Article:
Death of Jo Cox, MP: Expressions of Sympathy 21 June 2016

Posted on June 22, 2016

I wish to share time with my colleague, Senator Ó Ríordáin, with the slot divided in three minutes and two minutes. I stand to pay tribute to Jo Cox, MP, and join the tributes being paid by others as leader of the Labour Party group in the House, as a woman Labour Party public representative and as a mother of two young children, as Jo Cox was.

  The shocking and horrific murder of a young talented MP with a bright future in the British Labour Party was an attack on democracy. She was a devoted mother and wife, a keen activist on humanitarian issues and a former aid worker who spent more than a decade of her life on the front-line of aid provision in the developing world. Her death has shocked and moved people throughout the world and in Ireland. Tomorrow would have been her 42nd birthday. I and my Labour Party colleagues are proud to wear a white rose for Yorkshire in Jo Cox's honour. She was a feminist; she fought hard for women's rights internationally and nationally. She had an incredible record of activism on a range of issues in her short life. She was director of the maternal mortality campaign to stop women and babies dying needlessly in pregnancy and childbirth. She had chaired the Labour Party women's network in Britain and was a tireless campaigner for gender equality as well as development issues. Others have mentioned her work with Oxfam. She was Oxfam's head of global policy, having been an aid worker previously. Since being elected for the first time a short time ago for the constituency of Batley and Spen in Yorkshire she had made some articulate and passionate speeches. Others have quoted from those speeches. I believe those speeches will continue to inspire young people, especially women, to enter politics in future. I have in mind in particular her speech in April in support of the Alf Dubs amendment on the need to bring unaccompanied refugee children to Britain.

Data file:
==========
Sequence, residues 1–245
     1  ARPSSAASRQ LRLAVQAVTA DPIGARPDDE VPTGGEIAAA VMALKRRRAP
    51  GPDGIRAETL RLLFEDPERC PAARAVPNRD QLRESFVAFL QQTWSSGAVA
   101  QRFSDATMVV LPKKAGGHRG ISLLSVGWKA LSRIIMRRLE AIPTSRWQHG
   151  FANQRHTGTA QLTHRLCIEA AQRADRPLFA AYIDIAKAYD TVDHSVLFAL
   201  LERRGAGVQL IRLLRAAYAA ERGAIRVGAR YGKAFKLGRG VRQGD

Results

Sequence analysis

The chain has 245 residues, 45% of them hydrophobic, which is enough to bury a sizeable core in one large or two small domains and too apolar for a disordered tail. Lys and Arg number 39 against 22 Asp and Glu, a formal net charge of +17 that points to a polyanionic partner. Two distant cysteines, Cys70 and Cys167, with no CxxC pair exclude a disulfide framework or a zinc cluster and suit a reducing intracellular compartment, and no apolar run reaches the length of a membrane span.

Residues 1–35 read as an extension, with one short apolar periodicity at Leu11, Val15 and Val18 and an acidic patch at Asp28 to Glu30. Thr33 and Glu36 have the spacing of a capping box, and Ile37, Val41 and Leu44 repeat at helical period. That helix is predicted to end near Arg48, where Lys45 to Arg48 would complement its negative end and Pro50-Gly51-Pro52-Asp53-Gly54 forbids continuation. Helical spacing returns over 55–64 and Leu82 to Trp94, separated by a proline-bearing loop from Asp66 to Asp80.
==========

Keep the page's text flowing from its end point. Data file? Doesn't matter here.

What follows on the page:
While the upcoming referendum on British membership of the European Union should not cloud over the horrific attack on democracy represented by the murder of Jo Cox, it does have important lessons for us. First, the need for respect in debate and respect for the views of others. Probably all of us in this House and people elsewhere have been subject to hate mail, as people in public life tend to be. However, I believe her death showed the need to tone down debate. We have seen recognition in Britain this week that the debate had to become less heated, nasty and violent in tone. As many commented, the day of her death was also the day the infamous UKIP poster headed "Breaking Point" was released, reaching a new low in the already ugly campaign being run by the Leave side in support of Brexit, a campaign already tainted by racism but which, with that poster, showed a really horrible depth.

  Second, Jo Cox's death reminds us that her career and outlook on politics was eminently international. She was a woman who was simultaneously proud of her Yorkshire roots and her constituency of Batley and Spen but also seriously involved in international issues and the need to welcome refugees. This was particularly important at a time when we are seeing the greatest displacement of refugees of any time in history as well as the impact of climate change and grave issues around international conflict.

  She had worked on an all-party parliamentary group on Syria with Tory MP, Andrew Mitchell, who was among the many MPs who paid moving tributes to her in the House of Commons yesterday. Our thoughts now are with her husband, Brendan Cox, her two young children, Leila and Cuillin, her grieving parents, her sister and family. We should recall, as her husband said, that her death must show us that love is stronger than hate and that what unites us is stronger than what divides us.

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